The socially or geographically mobile tend to abandon their connections with the Church.

    A most sophisticated and cynical example is the “Catholic Atheism” of many on the French Right, very much in the spirit of Action Française.

  5. This is an interesting and complex question.

    In Poland, it appears that the support for the Church was artificially inflated during the Communist era because it was one of the only institutions which could carry on a semi-tolerated opposition to the regime. Similarly, a lot of left-wing atheists in 1930s Germany joined the (Lutheran) Confessing Church because it provided the nearest thing to a forum for opposing the Nazis.

    Other examples from Europe point in different directions:

    – Ireland remained a religious country for considerably longer than other western European nations (very broadly, the 80s rather than the 60s). Divorce and homosexuality remained illegal until the 1990s, and contraception was heavily restricted. Abortion is still illegal, and 90% of the school system is still controlled by the Church.

    – Italy was ruled continuously by an explicitly Catholic political party from the War until the 1980s. Italian democracy had been endorsed by Pius XII (the Vatican had initially toyed with supporting a Salazar-style authoritarian regime). Divorce only became legal in 1970.

    – Franquist Spain was fervently Catholic in its public culture, but beneath the surface the long-term de-Christianisation of Spanish society proceeded with only moderate disruption. Something similar can be said of Salazar’s Portugal.

    I would also question what “democracy” means. For most of the 20th century, Ireland’s democracy consisted of a choice between two socially conservative Catholic parties (Fianna Fáil and Fine Gael) and one further party (Labour) that at least pretended to be socially conservative and Catholic.

    There must be *some* lessons to be learned here, but I can’t think what they are.

  6. Too apt not to share:

    “If it weren’t for the modern experiment, it would still not be known that freedom can be more corrupting than a tyrant.”
    –Nicolás Gómez Dávila, Nuevos Escolios a un Texto Implícito I (Bogotá: Villegas Editores, 2005), p. 135

    The original Spanish is:

    Sin el experimento moderno no se sabría aún que la libertad puede corromper más que el tirano.

  7. I think Mr. Paterson-Seymour is pointing to something very important here. In a city like Chicago, we get a lot of the same thing. A lot of the Irish seem to believe that getting drunk on St. Patrick’s Day is the eighth sacrament. The Poles really turned out in force at my parish this past Sunday, not because it was the second Sunday after Easter, but because it was Polish Constitution Day on May 3. After Lech Kaczynski died in the plane crash, many more Poles came to church than usual. The Italians and Lithuanians are similar. The Germans, on the other hand, do not seem to have maintained as strong a group identity.

    This is not that there aren’t good people in these groups, but the group seems to be focused on ethnicity more than on the Church.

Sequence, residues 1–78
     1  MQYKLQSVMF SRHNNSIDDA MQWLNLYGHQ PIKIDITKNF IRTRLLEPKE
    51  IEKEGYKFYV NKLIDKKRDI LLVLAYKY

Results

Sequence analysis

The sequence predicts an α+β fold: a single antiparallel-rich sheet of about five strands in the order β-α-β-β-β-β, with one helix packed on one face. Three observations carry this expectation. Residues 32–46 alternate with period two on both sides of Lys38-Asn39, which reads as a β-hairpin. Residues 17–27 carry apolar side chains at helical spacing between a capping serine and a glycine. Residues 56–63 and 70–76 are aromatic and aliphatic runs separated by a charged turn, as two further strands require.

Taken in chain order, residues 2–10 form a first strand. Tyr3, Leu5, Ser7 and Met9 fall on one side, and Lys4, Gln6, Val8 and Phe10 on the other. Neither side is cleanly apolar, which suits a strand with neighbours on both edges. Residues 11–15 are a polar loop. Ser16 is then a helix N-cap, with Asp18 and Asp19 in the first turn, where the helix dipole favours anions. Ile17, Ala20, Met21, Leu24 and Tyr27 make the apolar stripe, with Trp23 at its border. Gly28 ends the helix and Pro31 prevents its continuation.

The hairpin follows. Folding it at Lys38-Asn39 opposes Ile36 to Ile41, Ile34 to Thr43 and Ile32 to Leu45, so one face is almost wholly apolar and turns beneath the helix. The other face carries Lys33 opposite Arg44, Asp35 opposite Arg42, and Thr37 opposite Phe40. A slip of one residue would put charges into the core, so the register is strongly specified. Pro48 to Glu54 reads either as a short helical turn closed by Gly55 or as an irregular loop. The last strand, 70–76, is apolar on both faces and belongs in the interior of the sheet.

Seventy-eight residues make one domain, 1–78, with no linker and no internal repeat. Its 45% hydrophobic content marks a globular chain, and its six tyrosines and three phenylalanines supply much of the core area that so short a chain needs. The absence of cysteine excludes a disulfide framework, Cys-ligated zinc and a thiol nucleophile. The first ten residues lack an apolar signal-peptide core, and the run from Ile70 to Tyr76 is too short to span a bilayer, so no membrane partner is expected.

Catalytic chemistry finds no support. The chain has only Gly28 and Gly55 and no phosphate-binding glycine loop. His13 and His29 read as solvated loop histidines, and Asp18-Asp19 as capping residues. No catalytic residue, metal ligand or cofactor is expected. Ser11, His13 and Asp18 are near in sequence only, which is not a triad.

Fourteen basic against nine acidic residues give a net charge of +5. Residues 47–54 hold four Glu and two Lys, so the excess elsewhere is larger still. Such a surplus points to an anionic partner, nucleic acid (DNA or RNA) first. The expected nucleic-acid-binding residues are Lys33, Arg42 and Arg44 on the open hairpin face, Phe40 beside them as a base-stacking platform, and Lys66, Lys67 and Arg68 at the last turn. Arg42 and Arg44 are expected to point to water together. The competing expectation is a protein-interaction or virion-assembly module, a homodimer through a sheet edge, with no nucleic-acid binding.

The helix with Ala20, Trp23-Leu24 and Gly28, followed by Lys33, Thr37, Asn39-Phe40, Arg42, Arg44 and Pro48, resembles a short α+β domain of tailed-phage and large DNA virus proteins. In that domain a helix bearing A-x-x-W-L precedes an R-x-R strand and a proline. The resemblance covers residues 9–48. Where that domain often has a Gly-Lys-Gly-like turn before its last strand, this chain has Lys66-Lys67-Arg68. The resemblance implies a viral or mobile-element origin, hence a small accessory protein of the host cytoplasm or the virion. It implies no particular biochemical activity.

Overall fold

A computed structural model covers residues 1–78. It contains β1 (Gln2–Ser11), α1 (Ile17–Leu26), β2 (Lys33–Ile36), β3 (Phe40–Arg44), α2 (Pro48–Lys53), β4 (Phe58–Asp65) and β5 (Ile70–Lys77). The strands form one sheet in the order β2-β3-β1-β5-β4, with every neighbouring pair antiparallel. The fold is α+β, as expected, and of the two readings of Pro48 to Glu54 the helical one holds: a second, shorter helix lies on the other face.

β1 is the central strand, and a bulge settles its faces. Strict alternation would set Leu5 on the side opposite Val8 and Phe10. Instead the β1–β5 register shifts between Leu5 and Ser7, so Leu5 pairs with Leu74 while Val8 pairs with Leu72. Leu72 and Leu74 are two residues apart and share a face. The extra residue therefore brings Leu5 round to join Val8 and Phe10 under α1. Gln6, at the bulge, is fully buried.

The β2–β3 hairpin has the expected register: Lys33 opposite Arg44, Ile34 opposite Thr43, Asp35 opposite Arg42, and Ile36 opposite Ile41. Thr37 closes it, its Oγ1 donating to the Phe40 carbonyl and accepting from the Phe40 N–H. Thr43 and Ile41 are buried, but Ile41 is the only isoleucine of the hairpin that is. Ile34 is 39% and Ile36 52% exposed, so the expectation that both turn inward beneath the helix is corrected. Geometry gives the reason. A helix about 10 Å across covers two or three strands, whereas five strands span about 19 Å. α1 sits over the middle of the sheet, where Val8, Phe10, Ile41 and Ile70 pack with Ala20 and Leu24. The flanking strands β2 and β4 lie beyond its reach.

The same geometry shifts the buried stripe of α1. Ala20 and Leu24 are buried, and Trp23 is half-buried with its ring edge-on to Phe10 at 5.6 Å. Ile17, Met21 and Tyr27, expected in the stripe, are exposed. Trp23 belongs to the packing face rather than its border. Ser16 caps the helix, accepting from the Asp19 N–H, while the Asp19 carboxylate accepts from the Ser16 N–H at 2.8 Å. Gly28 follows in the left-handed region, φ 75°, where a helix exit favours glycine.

8. It’s often assumed (e.g. for Italy, Spain, and Portugal) that when a country secularizes quickly after democratizing, it must have been secularizing in a hidden way before that. I wonder if there’s really any evidence for this? Is there any evidence against the proposition that democracy just destroys religious faith really quickly? We assume that democracy just gives public opinion a voice it didn’t have before, but I suspect that it significantly shapes that public opinion in the process.

  9. It frustrates me that nation and ethnicity always seem to win out over religion when people are forced to choose. What’s the matter with people’s priorities?

  10. It’s an interesting question. I think it’s a question of parallel, related processes rather than one thing leading causatively to the other.

    I suspect that the net reservoir of “religious” people in any society is pretty much constant. For this reason, I doubt that developments like the scientific revolution can really explain the decline in religious practice. Either you’re naturally religious (like me) or you’re not.

    But religious faith is to be distinguished from the social and political manifestations of religion. Traditionally, churches provided people with an identity, social services, welfare, education, community leadership, employment, etc, etc. With the rise of the middle class, the modern state, alternative social communities, mass entertainments, secular social services, etc, the churches were left without a role – except for those people who are irreducibly religious and actually want to practice their faith for its own sake. This process was parallel to, but in principle distinct from, that of political democratisation.

    Now, the liberal view would be that people are responsible for their own souls and it’s not up to the state to use secular means to herd essentially unreligious people into church. If I were a reactionary, however, I would want to take away the secular sources of social goods (healthcare, unemployment insurance and education being the main ones) and stop people from being distracted by mass entertainment. It wouldn’t matter if they kept the vote as long as parties and candidates were religiously conservative (as in most of C20 Ireland).

  11. Thank you very much! I’ll skim these when I get the time.

  12. The American Way of Life was little more than vapid secular hedonism (though containing some remnants of traditionalism like the pre-Vatican II Church) until the 60s New Left came along and started the process of transforming it into full-blown Cultural Marxism.